A cryptocurrency broker that the Biden administration considers a key cog in the recent ransomware epidemic is legally registered in the Czech Republic but doesn’t appear to have an office there. It may be operating out of Moscow’s tallest skyscraper despite its not being listed at the address. It earned the distinction last month of being the first crypto exchange to be blacklisted by the U.S. as governments try to stem further attacks. And while it denies any part in the recent spate of cyber crimes, experts say it’s a prime example of a shadowy corner of the industry that has allowed hackers to thrive by giving them the means to launder millions of dollars in illicit digital proceeds through “nested” middlemen that tap larger exchanges to process transactions.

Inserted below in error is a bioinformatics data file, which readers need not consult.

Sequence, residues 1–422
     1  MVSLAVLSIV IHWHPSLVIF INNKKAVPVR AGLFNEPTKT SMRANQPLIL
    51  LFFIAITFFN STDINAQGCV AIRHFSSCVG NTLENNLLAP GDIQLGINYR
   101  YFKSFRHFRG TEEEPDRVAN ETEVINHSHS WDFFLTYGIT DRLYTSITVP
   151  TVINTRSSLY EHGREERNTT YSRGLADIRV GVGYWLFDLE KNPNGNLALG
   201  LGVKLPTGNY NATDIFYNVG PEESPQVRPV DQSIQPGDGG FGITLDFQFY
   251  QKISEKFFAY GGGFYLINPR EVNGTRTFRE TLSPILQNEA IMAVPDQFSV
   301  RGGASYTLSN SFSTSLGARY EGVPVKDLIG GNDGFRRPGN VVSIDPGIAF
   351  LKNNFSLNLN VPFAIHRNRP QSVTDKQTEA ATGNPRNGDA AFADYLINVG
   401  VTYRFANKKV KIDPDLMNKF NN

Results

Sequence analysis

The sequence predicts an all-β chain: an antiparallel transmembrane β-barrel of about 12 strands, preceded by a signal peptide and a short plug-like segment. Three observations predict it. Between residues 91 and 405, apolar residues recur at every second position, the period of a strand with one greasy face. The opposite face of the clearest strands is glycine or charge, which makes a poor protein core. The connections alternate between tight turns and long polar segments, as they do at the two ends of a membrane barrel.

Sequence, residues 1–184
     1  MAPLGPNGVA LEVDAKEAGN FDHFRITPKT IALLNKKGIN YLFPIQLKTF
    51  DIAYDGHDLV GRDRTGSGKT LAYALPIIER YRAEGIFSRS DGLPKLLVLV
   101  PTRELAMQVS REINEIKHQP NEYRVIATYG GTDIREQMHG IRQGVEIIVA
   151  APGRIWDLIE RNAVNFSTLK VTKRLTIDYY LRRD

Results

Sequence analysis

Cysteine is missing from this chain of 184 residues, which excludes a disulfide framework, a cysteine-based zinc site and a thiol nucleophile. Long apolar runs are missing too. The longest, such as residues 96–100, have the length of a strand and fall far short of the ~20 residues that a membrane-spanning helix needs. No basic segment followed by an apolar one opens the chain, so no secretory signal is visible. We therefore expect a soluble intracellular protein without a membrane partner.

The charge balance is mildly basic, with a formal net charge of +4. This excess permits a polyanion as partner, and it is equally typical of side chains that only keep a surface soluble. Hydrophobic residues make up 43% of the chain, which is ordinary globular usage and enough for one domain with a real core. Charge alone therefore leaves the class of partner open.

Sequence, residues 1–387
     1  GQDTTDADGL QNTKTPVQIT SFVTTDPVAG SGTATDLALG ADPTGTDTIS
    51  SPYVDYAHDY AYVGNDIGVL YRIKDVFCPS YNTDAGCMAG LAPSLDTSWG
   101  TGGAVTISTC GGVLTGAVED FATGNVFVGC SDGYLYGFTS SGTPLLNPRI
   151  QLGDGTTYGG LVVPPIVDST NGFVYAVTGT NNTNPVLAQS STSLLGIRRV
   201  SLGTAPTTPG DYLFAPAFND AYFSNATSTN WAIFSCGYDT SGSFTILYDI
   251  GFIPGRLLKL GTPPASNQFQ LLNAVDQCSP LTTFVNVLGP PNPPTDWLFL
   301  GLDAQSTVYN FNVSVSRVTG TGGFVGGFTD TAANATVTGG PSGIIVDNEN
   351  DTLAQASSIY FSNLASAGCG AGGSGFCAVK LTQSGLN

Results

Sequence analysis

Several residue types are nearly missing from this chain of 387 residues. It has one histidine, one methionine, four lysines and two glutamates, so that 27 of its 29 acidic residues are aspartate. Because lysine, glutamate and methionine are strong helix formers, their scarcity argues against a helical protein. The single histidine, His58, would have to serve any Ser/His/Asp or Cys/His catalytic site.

Suex OTC, a virtual currency exchange, is a transactions platform that allows cryptocurrency traders to buy and sell digital coins. It is accused by the U.S. of mixing legitimate digital currency trades with illegal transfers from ransomware gangs, allowing them to launder profits from the kind of attacks that have crippled hospitals, businesses, school districts and even a major U.S. fuel pipeline. The U.S. Treasury Department alleges that Suex has played an integral role helping criminal hackers clean and cash out their loot, mostly Bitcoin paid by ransomware victims, before converting it to a traditional currency.